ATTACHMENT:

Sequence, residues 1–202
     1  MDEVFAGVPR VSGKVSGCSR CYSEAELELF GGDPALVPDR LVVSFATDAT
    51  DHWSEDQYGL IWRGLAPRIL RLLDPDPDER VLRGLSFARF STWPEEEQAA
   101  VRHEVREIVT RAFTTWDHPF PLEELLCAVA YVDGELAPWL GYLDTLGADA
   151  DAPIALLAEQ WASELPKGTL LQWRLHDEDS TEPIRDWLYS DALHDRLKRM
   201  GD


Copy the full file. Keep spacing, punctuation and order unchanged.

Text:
Sequence, residues 1–202
     1  MDEVFAGVPR VSGKVSGCSR CYSEAELELF GGDPALVPDR LVVSFATDAT
    51  DHWSEDQYGL IWRGLAPRIL RLLDPDPDER VLRGLSFARF STWPEEEQAA
   101  VRHEVREIVT RAFTTWDHPF PLEELLCAVA YVDGELAPWL GYLDTLGADA
   151  DAPIALLAEQ WASELPKGTL LQWRLHDEDS TEPIRDWLYS DALHDRLKRM
   201  GD